Calabria 1783: The Orthogonal Grid as a Physical and Ideological Device of Reconstruction

Calabria 1783: The Orthogonal Grid as a Physical and Ideological Device of Reconstruction

Giuseppe Caridi (Mediterranean University, Italy)
Copyright: © 2018 |Pages: 12
DOI: 10.4018/978-1-5225-3613-0.ch010
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This chapter considers the reconstruction operations that were carried out in Calabria following the earthquake of the late-eighteenth century. The author connects the physical and ideological role played by the orthogonal grid within the scope of this urban process to Foucault's concept of the device. Such a working hypothesis makes it possible to highlight the dual-domain in which lies political power, on one hand, and technical knowledge, on the other. This is a duplicity that is not resolved in the supremacy of either one domain or the other but, rather, in their huddle in a dialectical node: the political power that avails itself of the technical knowledge to reinforce itself and the technical knowledge that takes advantage of the political power to legitimise itself.
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What happened when the reformist intentions of Ferdinand IV, King of Naples and Sicily, met with the theories and designs of the European grand urbanism promoted, in the sub region of Calabria Ulteriore, by the Commissioner-general of the Kingdom, Francesco Pignatelli? What resulted was “one of the most striking episodes of the eighteenth-century enlightened despotism” (Sica, 1979, p. 201): thirty-three towns designed, and in large part built, from scratch. It introduced a set of generalised and pervasive urban operations that the Bourbon government put in place following the earthquake that, between the 5th of February and the 28th of March 1783, destroyed, or, at any rate, heavily damaged fifty-three towns.

The multiple aspects of this vicissitude have been investigated in detail from the ample existing literature that ranges, just to name a few view points, from Paolo Maretto (1975) to Ilario Principe (1976); from Augusto Placanica (1982 and 1985) to Nicola Aricò and Ornella Milella (1984); from Clementina Barucci (2002) to Francesca Valensise (2003); these works also feature extensive bibliographies that broaden the framework of references also to a expansive panorama of primary sources.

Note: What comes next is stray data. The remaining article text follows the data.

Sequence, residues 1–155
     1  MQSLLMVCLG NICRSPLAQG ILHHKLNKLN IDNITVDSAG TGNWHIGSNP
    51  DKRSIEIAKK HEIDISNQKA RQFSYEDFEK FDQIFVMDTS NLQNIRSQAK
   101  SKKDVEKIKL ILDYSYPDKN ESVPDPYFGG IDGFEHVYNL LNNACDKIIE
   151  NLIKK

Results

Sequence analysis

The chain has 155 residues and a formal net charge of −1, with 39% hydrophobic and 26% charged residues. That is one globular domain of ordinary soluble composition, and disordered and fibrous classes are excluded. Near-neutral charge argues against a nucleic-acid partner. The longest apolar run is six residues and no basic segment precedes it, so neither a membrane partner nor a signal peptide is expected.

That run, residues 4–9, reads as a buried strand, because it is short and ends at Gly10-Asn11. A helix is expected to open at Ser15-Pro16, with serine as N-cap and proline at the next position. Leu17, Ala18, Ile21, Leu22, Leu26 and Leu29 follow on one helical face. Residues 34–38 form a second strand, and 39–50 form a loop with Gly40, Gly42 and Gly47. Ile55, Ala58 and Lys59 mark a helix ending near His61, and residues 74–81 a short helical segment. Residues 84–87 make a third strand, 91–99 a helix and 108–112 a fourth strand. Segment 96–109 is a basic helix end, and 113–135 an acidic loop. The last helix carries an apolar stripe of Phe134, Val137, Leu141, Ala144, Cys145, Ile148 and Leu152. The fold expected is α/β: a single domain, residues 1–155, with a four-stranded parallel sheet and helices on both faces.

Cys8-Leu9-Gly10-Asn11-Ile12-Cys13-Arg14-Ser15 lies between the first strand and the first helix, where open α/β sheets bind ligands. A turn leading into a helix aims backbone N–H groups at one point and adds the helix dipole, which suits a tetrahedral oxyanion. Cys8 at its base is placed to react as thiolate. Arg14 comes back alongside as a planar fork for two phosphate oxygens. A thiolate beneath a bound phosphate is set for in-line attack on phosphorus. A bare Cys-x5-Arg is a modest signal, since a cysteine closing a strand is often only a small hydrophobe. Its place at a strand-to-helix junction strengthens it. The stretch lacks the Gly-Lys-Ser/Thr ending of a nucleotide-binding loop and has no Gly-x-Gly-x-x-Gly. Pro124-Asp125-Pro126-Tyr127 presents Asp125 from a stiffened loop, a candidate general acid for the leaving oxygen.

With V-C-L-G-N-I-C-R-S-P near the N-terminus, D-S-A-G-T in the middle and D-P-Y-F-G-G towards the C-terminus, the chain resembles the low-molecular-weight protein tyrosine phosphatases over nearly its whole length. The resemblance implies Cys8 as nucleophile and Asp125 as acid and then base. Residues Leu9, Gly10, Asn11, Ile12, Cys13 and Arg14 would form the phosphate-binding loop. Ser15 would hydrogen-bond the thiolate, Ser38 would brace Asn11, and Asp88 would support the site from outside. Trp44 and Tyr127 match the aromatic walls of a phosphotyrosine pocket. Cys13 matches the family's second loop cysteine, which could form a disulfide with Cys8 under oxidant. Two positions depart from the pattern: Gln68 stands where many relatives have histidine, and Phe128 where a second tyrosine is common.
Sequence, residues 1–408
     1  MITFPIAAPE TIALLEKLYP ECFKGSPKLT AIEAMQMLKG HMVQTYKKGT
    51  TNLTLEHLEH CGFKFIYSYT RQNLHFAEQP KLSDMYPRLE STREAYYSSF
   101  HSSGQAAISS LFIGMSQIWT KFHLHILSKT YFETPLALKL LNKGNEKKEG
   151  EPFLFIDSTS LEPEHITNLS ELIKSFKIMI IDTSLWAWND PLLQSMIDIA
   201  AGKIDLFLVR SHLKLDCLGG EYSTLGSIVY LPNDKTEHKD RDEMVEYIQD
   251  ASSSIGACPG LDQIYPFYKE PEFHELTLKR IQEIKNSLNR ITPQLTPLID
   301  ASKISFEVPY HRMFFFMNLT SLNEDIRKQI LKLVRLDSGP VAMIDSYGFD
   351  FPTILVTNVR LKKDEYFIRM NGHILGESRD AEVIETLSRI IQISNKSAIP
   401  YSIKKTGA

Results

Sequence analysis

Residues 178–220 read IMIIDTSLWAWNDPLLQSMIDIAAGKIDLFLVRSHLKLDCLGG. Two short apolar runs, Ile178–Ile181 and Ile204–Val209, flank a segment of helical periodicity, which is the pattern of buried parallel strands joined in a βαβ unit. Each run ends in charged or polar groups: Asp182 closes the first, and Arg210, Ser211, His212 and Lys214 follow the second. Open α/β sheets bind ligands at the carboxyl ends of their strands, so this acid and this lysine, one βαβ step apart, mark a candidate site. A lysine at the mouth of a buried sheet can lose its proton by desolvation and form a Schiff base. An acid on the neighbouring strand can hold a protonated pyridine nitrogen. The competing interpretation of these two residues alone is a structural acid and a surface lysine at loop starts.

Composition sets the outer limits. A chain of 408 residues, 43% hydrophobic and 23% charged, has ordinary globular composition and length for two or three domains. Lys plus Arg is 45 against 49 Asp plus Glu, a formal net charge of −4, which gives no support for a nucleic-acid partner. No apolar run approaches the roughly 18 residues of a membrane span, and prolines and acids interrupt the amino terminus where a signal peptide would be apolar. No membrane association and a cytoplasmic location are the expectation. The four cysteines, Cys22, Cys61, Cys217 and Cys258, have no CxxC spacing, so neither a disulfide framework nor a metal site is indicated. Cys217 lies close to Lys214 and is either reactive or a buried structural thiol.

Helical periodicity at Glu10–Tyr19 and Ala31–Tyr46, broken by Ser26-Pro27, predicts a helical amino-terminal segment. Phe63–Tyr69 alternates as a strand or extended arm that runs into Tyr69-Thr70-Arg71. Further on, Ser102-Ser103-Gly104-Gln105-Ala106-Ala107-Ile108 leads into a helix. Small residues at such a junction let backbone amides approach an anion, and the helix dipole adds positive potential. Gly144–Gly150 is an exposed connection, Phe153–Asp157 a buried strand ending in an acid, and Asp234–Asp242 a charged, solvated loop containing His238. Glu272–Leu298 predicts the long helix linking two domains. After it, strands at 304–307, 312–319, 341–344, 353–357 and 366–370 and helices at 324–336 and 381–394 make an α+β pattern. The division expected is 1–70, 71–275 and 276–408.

However, despite the amount, the variety, and the peculiarity of the bibliographical references, it is possible to highlight how many scholars have been inclined to disregard the role that the vicissitude has had for the definition of the purposes and the understanding of urbanism, in other words, for the construction of its models, rules, and language; precisely from this objective other issues can be highlighted for contributing to a more articulated interpretation of the event itself. This paper, written by a planner who does not just address planners, revolves around a core problem: if, on one hand, one of the principle themes is the transposition of the urban theories and of the urban designs planned for the great cities of Europe to the narrow context of Calabrian settlement, on the other, the physical and conceptual device through which their logic is conveyed is the orthogonal grid. In this process, the powerful mediation of cartographic representation or, specifically, the increasingly more precise and detailed utilisation of its material models (plan, map, table, etc.), played a central role that has also remained, for the most part, under-explored.

The scope within which the working hypothesis is expounded that seeks to interpret the role of the orthogonal grid in the reconstruction in Calabria at the end of the eighteenth century through the concept of the device, is represented by the reflections of Michel Foucault (1977), which delineated the concept, and by its more recent interpretations, proposed in the works of Gilles Deleuze (1989) and Giorgio Agamben (2006).

The paper concludes with the view that the experience of reconstruction in Calabria at the end of the eighteenth century formalises two ways of looking at the discipline of urban planning, on one hand, that it overlaps and merges with the linguistic representation (understood in the sense of writing and/or design) of the territory and of the city, on the other, that it is to be understood as an art of government, in other words, as a specific spatial mode of social control. Two ideas that, informing the particular node between technical knowledge and political power, have been at the base of the scientific status of urban planning since the establishment of its core in the eighteenth and nineteenth centuries and that, for many symbiotic reasons, have fuelled each other, stretching until today, linked altogether by a whole intermediate bundle of relations.

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